Margaret and Dick   


April 2008: Peru

  After a week in Peru, I start to understand why the Andean countries of South America can have internal disagreements.  Peru is not one country; it’s three.  The high mountain country is home to the Quechua-speaking indigenous people, descendants of the Incas.  On the coast, these Indios have intermarried with the Spanish, and there are Japanese and Chinese immigrants as well.  The East side of the mountains towards Brazil is rainforest, dense in wildlife but sparse in human population.  With such diversity of cultures, you know the food is going to be good.  Foodies rank Peruvian food among the best in South America.

Following our very enjoyable trip to Guatemala, we were eager to experience more of Central and South America.  Our main destination for this trip was Machu Picchu, one of seven man-made wonders of the world.  Son Chris and and his Maria joined us.  Both are fluent in Spanish – Maria dazzled the cabdrivers with her knowledge of Peruvian soap operas – so we were able to interact easily with the locals.  Maria has wanted to see Machu Picchu since she saw a picture in a book as a child.  Me too:  I can still remember the story of Machu Picchu in Richard Halliburton’s 1940’s Book of Marvels.

Machu Picchu is an Inca sanctuary and religious site built before 1400.  Nestled at the top of a mountain, it escaped discovery by the Spanish colonizers.  Now it looks as it did when they built it, minus the thatch roofs and the Incas.  No photo can fully capture the grandeur of Machu Picchu.  Hour after hour, the views changed constantly as the mists swirled.  Chris and Margaret left the hotel before dawn, Margaret to catch an early bus to catch the sunrise over the ruins, Chris to hike up the mountain for the fully authentic experience.  Maria and I arrived a bit later in time to watch the ruins emerge from the post-dawn haze.  Chris and Margaret felt frisky and climbed up Waina Picchu, the mountain just above Machu Picchu and visible in all the postcard images of the site.  The climb was so steep that parts of the descent were a crab-walk on feet and hands.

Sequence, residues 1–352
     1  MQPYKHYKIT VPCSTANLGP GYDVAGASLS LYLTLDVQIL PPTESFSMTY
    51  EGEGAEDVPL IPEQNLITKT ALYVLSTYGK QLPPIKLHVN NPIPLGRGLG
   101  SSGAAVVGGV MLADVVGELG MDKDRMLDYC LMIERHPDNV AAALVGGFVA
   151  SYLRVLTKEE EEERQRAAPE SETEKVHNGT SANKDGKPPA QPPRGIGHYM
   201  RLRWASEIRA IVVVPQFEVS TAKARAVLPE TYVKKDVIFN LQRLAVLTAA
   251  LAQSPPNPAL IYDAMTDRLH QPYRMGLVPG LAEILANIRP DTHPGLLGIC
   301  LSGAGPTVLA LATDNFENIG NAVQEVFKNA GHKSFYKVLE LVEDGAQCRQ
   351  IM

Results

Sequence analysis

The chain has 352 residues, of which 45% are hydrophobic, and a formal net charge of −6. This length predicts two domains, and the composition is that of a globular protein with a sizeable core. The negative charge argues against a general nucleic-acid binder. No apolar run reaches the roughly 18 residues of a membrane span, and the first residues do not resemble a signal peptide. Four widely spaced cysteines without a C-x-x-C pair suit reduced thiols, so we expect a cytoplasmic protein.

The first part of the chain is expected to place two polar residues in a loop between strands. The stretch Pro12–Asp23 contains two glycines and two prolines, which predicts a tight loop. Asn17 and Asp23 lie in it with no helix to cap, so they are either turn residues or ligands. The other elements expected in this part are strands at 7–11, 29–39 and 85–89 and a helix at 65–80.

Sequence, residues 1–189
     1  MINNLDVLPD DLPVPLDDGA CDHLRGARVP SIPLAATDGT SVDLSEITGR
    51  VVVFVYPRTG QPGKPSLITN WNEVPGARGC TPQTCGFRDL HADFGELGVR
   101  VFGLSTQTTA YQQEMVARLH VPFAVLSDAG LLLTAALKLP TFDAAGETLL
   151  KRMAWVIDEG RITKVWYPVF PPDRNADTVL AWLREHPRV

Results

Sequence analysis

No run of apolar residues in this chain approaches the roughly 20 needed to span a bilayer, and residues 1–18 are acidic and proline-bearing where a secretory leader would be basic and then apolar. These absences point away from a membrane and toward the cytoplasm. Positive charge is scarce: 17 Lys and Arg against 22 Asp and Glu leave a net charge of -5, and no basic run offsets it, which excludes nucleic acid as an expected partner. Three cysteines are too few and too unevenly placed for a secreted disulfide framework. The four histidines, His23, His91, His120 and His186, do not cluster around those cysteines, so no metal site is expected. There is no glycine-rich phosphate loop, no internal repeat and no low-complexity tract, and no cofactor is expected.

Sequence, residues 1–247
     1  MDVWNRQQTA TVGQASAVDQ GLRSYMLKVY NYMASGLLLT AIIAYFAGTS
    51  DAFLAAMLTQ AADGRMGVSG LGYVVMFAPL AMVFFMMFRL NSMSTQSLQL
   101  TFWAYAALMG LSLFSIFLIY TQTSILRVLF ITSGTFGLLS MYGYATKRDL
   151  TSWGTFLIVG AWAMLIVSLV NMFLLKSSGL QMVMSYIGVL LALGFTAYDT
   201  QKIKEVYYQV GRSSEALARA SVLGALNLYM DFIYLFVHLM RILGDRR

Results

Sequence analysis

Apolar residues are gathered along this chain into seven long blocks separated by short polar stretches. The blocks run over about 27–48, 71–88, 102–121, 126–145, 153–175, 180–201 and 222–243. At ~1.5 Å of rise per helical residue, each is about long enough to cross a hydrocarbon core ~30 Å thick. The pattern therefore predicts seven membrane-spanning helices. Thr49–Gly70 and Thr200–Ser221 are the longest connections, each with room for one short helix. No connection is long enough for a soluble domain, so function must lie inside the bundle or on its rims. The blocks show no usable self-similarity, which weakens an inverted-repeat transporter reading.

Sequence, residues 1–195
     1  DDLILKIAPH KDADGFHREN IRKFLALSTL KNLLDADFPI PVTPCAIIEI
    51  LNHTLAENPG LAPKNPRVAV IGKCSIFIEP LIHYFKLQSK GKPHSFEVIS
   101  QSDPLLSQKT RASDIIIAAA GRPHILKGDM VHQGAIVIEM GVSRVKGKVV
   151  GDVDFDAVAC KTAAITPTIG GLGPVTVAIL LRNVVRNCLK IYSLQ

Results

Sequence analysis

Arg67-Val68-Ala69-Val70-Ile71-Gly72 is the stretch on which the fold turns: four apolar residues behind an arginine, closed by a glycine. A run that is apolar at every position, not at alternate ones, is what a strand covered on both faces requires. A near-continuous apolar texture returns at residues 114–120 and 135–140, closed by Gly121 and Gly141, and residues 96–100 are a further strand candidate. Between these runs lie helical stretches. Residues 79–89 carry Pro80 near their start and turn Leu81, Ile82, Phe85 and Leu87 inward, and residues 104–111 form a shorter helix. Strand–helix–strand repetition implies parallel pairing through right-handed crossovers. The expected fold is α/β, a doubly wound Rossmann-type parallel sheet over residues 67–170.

We experienced the Spanish colonial era in Cusco.  Its charming cobblestone streets and buildings have been frozen in time since the capital moved away to Lima after an earthquake in 1650.  Ancient Inca stonework – huge blocks intricately cut and fit – forms the foundations of later Spanish walls.  Perched at 11,000 feet, Cusco was literally breathtaking.  Coca tea (yes, you read that right) and a day of acclimation helped, but the altitude commanded our full attention.

We flew in and out of Lima, the current capital, which is on the coast.  With a population of eight million, Lima is immense and overwhelming.  We stayed in the Miraflores neighborhood, known for its upscale shops, art galleries and – the major goal – excellent restaurants.  We made a side trip to the Mercado central¸ which appeared to be off the well-beaten tourist path.

Peruvian cuisine reflects its complex geography:  coastal (fish), mountain (guinea pig, potatoes), and jungle (exotic fruits and vegetables).  Hispano-Indian flavors have been diversified by an infusion of Chinese and Japanese immigrants.  Our favorite dish was ceviche, raw fish “cooked” in lime juice served with sliced onions and habañero peppers.  The strangest dish was certainly guinea pig.  Margaret ordered it – once – and had to face its little curled paws poking up from the plate.  The meat was meager, chewy, and did not taste like chicken.  Some of the best dishes were based potatoes, peppers and corn – dozens of varieties of each are grown in Peru.
We felt warmly welcomed by the Peruvian people, and learned much about the history and 
politics of Peru from our intelligent cab drivers.  Street vendors exert pressure to buy, but 
not oppressively so.  There’s not much poverty in evidence, compared to some of our other 
recent trips. 

Why oh why did it take us so long to get to South America?  Note to self:  more of this.

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